Saturday, 1 April 2017

April 2010: 'tub spreads' or butter?


"Eat food. Not too much. Mostly plants" (Michael Pollan, In Defense of Food.) "Eat food": not additives and chemicals. "Not too much" - ouch. "Mostly plants": yes!

Who remembers yummy butter? Low in fat and cholesterol, 'tub spreads' are the fashion, the word as ugly as, in my opinion, the taste. For 60 years we have been led to believe that cholesterol is the culprit behind rising rates of heart disease, and that vegetable oil and other substitutes will protect us. This could not be further from the truth. There is little evidence that cholesterol is a cause of atherosclerosis, heart disease or stroke. There is more evidence available that suggests cholesterol protects us from atherosclerosis, heart disease and stroke. The real culprits, processed foods and refined sugar, moneyspinners of the food cartels, get off scot-free*.
Butter is a live food, dependent on the seasons and likely to go off. Marge consists of highly processed rancid vegetable oils, soy protein isolate and additives and lasts forever. Take your pick.

Direct: lettuce, rocket, radish, beet, broad beans, summer cabbage, calabrese, kohlrabi, parsnips, peas, spinach (beet), spring onions, chard, early carrots, autumn cauli, salsify, scorzonera, celeriac, celery. Late April: courgettes, french beans, pumpkins.
Plant: summer cabbage, onion sets, potatoes, summer cabbage.
Sow to transplant: leeks, brussels, sprouting broccoli, autumn cauli, kale, tomatoes (indoors).

Veg: purple sprouting broccoli, cabbage, leeks, spring onions, spinach, watercress, loose-leaved lettuce, radish, sorrel, spring greens.

Fish: do you like proper fish rather than the insipid stuff you find in a supermarket freezer and haven't got a fish shop nearby? I found a marvellous website, It is committed to local and sustainable sourcing, based in Cornwall, and supplies fresh or frozen seasonal fish anywhere in England, minimum order £25, postage £7.95.

From your local shop this month, try red gurnard or red mullet. Red mullet is delicate and good grilled, shallow-fried, baked or cooked. Gurnard is a firm white fish and quite sweet. One website says it's best cooked on the bone because the small bones are difficult to locate. Cook for 30 mins - to stuff, poach, or use in bouillabaise. Goes with strong flavours (ginger/lime, fennel/orange).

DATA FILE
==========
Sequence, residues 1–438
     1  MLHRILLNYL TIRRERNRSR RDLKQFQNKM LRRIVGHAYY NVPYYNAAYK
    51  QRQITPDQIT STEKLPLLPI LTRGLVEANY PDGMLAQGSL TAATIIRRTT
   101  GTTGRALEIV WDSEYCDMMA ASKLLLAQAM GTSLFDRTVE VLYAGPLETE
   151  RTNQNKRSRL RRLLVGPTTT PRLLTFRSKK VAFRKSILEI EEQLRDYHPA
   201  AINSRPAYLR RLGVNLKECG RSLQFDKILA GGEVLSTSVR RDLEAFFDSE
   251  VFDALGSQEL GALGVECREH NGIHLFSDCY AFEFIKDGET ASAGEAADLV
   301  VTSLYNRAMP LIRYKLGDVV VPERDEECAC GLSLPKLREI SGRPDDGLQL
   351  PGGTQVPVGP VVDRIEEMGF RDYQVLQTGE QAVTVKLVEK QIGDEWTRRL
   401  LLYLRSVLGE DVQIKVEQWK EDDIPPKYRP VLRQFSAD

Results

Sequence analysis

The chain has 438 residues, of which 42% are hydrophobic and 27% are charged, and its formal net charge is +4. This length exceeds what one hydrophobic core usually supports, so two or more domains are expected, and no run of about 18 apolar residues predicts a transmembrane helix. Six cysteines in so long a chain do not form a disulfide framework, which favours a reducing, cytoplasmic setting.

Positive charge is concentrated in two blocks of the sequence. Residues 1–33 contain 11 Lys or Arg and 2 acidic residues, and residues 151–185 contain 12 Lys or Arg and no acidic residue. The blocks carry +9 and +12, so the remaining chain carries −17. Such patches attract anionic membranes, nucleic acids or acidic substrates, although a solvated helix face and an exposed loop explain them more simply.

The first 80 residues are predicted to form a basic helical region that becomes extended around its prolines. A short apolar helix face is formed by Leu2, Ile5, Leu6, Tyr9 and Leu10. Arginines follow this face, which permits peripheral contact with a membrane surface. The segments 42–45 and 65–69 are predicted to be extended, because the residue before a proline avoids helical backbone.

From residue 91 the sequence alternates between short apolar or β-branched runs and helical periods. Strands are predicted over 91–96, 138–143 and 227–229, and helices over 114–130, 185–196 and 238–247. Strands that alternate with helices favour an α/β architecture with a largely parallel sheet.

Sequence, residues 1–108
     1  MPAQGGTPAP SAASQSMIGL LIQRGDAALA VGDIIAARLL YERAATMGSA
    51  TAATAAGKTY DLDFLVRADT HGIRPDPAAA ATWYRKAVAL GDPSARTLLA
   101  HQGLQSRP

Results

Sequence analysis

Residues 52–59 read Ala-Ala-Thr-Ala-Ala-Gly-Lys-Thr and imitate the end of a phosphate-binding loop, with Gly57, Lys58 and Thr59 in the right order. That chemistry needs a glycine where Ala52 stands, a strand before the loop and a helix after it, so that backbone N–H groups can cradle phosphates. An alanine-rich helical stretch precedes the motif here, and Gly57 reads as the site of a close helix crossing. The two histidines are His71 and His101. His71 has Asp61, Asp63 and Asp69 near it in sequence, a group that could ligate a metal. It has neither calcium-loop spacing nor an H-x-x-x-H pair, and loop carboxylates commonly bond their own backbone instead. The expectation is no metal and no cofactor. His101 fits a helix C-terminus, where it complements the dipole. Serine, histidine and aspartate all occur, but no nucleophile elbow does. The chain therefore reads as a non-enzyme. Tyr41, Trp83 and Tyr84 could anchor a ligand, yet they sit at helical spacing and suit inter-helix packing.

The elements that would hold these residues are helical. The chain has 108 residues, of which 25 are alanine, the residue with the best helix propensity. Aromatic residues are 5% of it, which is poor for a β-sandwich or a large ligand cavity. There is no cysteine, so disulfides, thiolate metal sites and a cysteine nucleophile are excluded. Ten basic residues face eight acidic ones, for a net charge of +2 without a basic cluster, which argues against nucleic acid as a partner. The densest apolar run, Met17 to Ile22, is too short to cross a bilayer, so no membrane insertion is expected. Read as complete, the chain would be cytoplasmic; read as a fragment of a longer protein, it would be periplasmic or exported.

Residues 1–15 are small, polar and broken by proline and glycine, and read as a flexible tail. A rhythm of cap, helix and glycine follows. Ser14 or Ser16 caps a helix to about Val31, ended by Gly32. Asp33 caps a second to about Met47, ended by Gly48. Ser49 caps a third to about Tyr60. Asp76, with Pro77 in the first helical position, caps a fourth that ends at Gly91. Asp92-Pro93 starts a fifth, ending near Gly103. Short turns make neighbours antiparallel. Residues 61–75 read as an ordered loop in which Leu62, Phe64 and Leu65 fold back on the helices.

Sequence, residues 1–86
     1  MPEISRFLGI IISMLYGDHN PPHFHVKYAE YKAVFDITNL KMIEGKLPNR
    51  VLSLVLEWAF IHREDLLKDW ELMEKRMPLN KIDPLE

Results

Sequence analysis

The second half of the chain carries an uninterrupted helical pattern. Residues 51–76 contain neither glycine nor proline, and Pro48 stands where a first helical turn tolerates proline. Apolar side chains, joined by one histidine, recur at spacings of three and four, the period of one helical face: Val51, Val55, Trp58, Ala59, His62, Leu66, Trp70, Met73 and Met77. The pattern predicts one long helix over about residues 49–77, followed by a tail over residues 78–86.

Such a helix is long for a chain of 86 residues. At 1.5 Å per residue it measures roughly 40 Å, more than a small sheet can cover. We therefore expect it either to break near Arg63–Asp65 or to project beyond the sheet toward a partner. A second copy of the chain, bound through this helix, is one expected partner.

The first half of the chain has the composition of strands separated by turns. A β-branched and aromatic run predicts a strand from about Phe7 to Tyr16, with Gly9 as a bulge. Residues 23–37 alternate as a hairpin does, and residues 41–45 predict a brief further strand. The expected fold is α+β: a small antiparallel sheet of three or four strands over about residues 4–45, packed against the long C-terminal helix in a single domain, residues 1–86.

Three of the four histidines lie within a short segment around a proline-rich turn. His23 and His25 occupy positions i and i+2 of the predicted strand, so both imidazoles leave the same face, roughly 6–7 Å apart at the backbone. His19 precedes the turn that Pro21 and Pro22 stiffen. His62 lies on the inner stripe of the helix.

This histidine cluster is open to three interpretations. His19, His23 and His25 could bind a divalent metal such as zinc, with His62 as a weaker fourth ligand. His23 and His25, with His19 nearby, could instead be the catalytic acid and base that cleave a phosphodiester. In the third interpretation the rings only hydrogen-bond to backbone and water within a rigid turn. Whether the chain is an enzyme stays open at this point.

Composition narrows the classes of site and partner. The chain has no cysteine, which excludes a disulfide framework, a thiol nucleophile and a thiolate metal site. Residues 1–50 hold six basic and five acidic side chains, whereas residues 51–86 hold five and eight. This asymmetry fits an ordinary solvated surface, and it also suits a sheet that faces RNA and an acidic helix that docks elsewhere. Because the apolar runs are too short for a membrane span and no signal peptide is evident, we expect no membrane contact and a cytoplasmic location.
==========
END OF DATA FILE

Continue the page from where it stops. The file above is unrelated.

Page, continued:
- packed with vitamins C, E and K, iron, potassium, fibre and calcium. Don't discard the stems: sliced thinly they are sweeter than the leaf. Add at end of a stir fry, use in soups or stews. Delicious sliced, steamed, drizzled with melted butter. Don't overcook.

Raw – just wash and eat in salad or with a dip such as hummus.
Side vegetable – wash and steam 3-5 minutes, until just softening. Serve immediately.
Stir fry (covered) for 3-5 minutes in sesame oil. Delicious with toasted sesame seeds.
Wash and slice finely (stems, heads and leaves) and add to rice for 2 minutes, or put in pasta sauce. Generally, cook as you would whole head broccoli/calabrese, but for slightly less time.

  • 2 large fillets white fish (230g each), 
  • 2 tbsp soy, 
  • 2 garlic cloves, grated, 
  • small knob ginger, grated, 
  • oil, 
  • 200g spring greens, roughly shredded. 

Toss the fish with soy, garlic and ginger. Heat oil, add fish and its marinade. Sizzle 3 mins each side, until the fish is almost cooked. Throw in greens and splash of water, simmer 5 mins until the greens have wilted. With rice or noodles.


Ramsons grow in the damp. As well as being delicious, this soup makes an excellent spring tonic - good for cleansing blood, liver and intestines. 
  • 100g ramsons, 
  • 40g butter, 
  • 40g flour, 
  • 1 sm. onion, 
  • 250ml milk, 
  • 1l stock, 
  • 50g cream cheese, 
  • 1 tbsp. crème fraîche. 
Cut ramsons into fine strips, saving one leaf per serving. Melt butter. Dice onion, sauté until just glassy, add ramsons, cook a few more mins. Sprinkle flour over it, cook and while stirring slowly add milk and stock, simmer for 10 mins. Puree if you like, season. Blend cream into soup. Stir in cheese. Briefly heat again but don't let simmer. Decorate with saved leaves: serve immediately.


2 small heads spring greens, 2-4 tblsp oil, 2 cloves garlic, soy.
Chop two whole greens cross-ways into strips of 1cm or less. Chop almost down to the stump: the stems and leaf ribs are sweetest. Peel and lightly crush garlic with the back of a knife: keeping the cloves whole avoids burning. 
Heat oil over high heat. Cook garlic for 20 secs, add greens before it browns. Cook 2-4 mins, turning constantly. Add soy, cook 15 more secs, serve. 

Buy local: punch in your postcode and a map shows you where to find good stuff. Also how to buy local online:
You can subscribe to 'Veg-box recipes' for whatever is in season at
The Slow Food movement supports biodiversity, taste education and food communities - find out more (and join!) at
Wildflowers are scarce, bumblebees declining. tells you which plants they like. They publish 'Gardening for Bumblebees' for only £3. 

Dr Malcolm Kendrick, The Great Cholesterol Con. 
Uffe Ravnskov, The Cholesterol Myths: Exposing the Fallacy That Saturated Fat and Cholesterol Cause Heart Disease. 

* For details see

Next month: fast bread.